WHAT DO YOU KNOW ABOUT NON-AVIATION BUSINESSES IN AIRPORTS?
IF THE FIRST THING YOU THINK OF IS THE PRICE OF A COFFEE AT THE AIRPORT, YOU’RE THINKING THE RIGHT WAY. THE COMMERCIAL ACTIVITES IN AIRPORTS ARE COMPLETELY SEPARATE FROM THE OTHERS AND ARE INTERESTING BECAUSE, AS THEY’RE RELATIVELY NEW TO KAZAKHSTAN, THEY LOOK SET TO GROW IN THE FUTURE. READ MORE IN THE ARTICLE BELOW.
It’s widely known that the main (aviation) airport activity includes the maintenance of runways, air navigation services, security, passenger service, handling of cargo, aircraft maintenance, etc. It’s about everything that ensures safe and precise arrivals and departures of passengers and cargo. It is what’s reflected in your flight ticket under the “Airport Fees” section..
However, airports are also involved in non-aviation activity which is the primary item of income for most of the world’s airports. According to the estimates of foreign specialists, such income on average is about 15-20% of an airport revenue profile while in some cases it may even reach 30-40%. The profit from such an activity may be around 60-70% of the total airport profit.
In Kazakhstan this rate is considerably lower. This is largely owing to the fact that non-aviation incomes didn’t use to be of proper importance in our country for a long period of time. Still, it should be noted that the airports of the two main Kazakh cities, Astana and Almaty, have all the conditions and considerable potential to achieve significant successes in this sphere.
So what is a non-aviation activity?
Non-aviation activity is a non-core commercial activity of airports which allows improvement of the service quality and earning of additional income. It includes the following:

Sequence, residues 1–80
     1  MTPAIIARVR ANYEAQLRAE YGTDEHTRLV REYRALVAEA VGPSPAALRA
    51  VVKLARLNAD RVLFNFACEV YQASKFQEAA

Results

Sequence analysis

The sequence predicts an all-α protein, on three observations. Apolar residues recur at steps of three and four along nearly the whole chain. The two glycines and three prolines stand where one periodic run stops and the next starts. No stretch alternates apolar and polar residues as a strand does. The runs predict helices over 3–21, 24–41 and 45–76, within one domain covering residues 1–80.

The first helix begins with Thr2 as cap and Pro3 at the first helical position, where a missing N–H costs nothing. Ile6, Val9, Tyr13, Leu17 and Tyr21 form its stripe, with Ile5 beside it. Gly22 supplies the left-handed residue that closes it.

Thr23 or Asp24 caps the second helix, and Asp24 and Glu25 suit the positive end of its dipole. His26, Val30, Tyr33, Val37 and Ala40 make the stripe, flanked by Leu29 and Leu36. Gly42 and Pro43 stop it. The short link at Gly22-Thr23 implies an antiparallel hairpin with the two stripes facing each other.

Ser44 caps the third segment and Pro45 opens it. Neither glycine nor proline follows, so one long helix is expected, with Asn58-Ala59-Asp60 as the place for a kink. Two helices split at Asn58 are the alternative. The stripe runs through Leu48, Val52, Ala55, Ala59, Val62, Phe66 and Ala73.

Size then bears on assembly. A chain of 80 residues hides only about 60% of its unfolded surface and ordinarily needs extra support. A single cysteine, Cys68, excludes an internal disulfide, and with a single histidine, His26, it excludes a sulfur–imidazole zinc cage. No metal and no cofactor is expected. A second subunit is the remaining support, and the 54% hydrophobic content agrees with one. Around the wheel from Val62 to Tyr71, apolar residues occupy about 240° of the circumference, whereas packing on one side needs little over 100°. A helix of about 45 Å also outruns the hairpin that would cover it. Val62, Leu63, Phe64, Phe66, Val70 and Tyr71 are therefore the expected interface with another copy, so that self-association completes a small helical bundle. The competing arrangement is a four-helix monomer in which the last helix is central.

- Lease of premises, land or equipment belonging to the airport(for example, check-in desks, booking offices or administration
- Restaurants, bars, cafes and delivery of flight catering;
- Duty-free shops;
- Concessions to supply aviation fuel and lubricants – the right for selling or distributing aviation fuel and lubricants at the airport;
- Car parks;
Other concessions and other airport business (car renting bank operation fees, currency exchange fees, entry fees for areas of special interest, such as viewing points of the terminal).
For instance, below is an average revenue profile of European airports.
The modern tendencies show that airports are becoming the centers of commercial activity attracting many businesses from various spheres of economics. Airports use all their facilities to develop non-aviation activity including internal and external areas of terminals.
To understand better which airport services are in the highest demand and who are the service consumers, please see the following table:
Lately the topic of non-aviation income has been further developed in the “aerotropolis” concept that was put forth by John Kasarda, the professor of the University of North Carolina. According to him, the modern airports have a high potential to turn into real mini- cities, so called “aerotropolises”. The concept makes a reference to the experience of the past centuries when seaports and railway stations used to grow into large settlements and business centers. “Aerotropolis” is something the largest world airports are turning into by being the centers that accumulate business parks, logistic and industrial clusters, industrial territories, junction stations and terminals, shopping arcades, technology, information and communication centers while becoming the core of the whole network.
As we can see, our airports have enough room for improvement. By the way, there are already some examples of “aerotropoli” in the world. They are Las Colinas in Texas, Zuidas in Amsterdam, Songdo International Business District in South Korea and Panatropolis in Panama. Read about one of these remarkable examples of airport cities in the next issue of Sky Magazine.